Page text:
Here the question was rather more straightforward. Using European law and the three-step test, Arnold J analysed whether the 8 second clips could conform to an exception of copyright. He cites a good number of authorities here, but he lists a number of elements that have to be considered when looking at whether something may fall under fair dealing for reporting purposes. These are:
- whether the alleged fair dealing is competing commercially with the claimant;
- whether the reproduction is done to engage in political controversy or ventilate a grievance;
- whether the content has already been made available to the public;
- whether an important part has been taken;
- the court may also analyse motives; and
- accompanying material to the reproduction.
Arnold J does not think that some of the clips in some versions of the app are not for the purpose of reporting current events. He says:
“The clips were not used in order to inform the audience about a current event, but presented for consumption because of their intrinsic interest and value. Furthermore, although the fact that a news service is a commercial one funded by advertising revenue does not prevent its use from being for the purpose of reporting current events, I consider that the Defendants’ objective was purely commercial rather than genuinely informatory.”
To my view, this could have been one of the most important parts of the ruling, but Arnold J deals with it with surprising expediency due to the facts of the case. While on the face of it Fanatix was simply a platform that allows users to upload and share sport clips, Arnold J took quite a lot of interest in the advertising, perhaps thinking of the American inducement doctrine in Grokster without actually using it as an authority. He does cite L‘Oréal SA v eBay International extensively, in particular the fact that eBay had been participating in the infringement actions of its users for commercial gain. Instead of providing a neutral service, Fanatix had an “active role” and had knowledge of the actions of its users, evidenced by the fact that its employees would select clips to upload to the website. However, he says:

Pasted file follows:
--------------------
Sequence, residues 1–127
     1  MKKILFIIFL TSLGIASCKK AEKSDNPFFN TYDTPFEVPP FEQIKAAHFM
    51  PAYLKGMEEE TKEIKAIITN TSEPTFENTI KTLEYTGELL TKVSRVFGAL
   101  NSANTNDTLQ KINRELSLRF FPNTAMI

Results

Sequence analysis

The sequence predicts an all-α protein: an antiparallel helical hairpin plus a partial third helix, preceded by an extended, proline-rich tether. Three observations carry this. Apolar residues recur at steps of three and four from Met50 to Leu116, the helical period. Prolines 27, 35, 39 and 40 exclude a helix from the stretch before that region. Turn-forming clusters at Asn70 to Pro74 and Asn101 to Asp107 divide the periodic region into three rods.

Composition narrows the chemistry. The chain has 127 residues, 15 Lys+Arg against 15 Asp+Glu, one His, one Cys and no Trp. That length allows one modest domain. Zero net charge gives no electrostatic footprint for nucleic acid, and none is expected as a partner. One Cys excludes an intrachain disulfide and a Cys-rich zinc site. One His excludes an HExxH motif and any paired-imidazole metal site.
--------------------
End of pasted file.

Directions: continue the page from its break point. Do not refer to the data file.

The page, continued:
“For understandable reasons, this issue was not as fully argued as it might have been. In those circumstances, and given that it is not necessary to do so, I have not reached a conclusion on this issue. My provisional view is that, in the light of L’Oréal v eBay, the Article 14 defence would be available to the Defendants in respect of user-posted clips which were not editorially reviewed, but not in respect of clips which were editorially reviewed. As I understand it, to date most clips have been editorially reviewed even if they have not been selected for inclusion in, say, the Latest feed.”
So the issue of intermediary liability was not central to the case after all, particularly because it was overshadowed by the other two questions, but I also think that it was because the conclusions and the facts strongly favour the claimants.
Arnold J concludes that while not flagrant, the clips were for the most part infringing, and they do not fall under fair dealing for reporting. As stated above, he does not conclude on the intermediary liability section.
Overall, I tend to agree with the decision. The app was almost entirely designed to allow users to capture and upload clips, which at the very least could be considered to be borderline copyright infringement. I was not swayed either by the fair dealing defence. I would have liked a lengthier explanation about the intermediary liability elements, but I can understand why this was not so relevant in this instance.
In my opinion, the main question to arise from this case is whether it will be used to attack other social media where sport clips are reproduced on a daily basis. You just need to open Twitter during an important sports event, and if you look at the relevant hashtag you will find a flood of vines and gifs of the scores, goals and highlights. However, these will require a very different legal analysis from that which was performed in this case. In my opinion Fanatix has as a sole purpose the sharing of sports clips, while Twitter, Vine and other similar technologies have considerably more uses.
* Embedded videos from Youtube do not infringe anyway as per BestWater. But let’s not allow legal facts get in the way of a good prancing llama clip, shall we?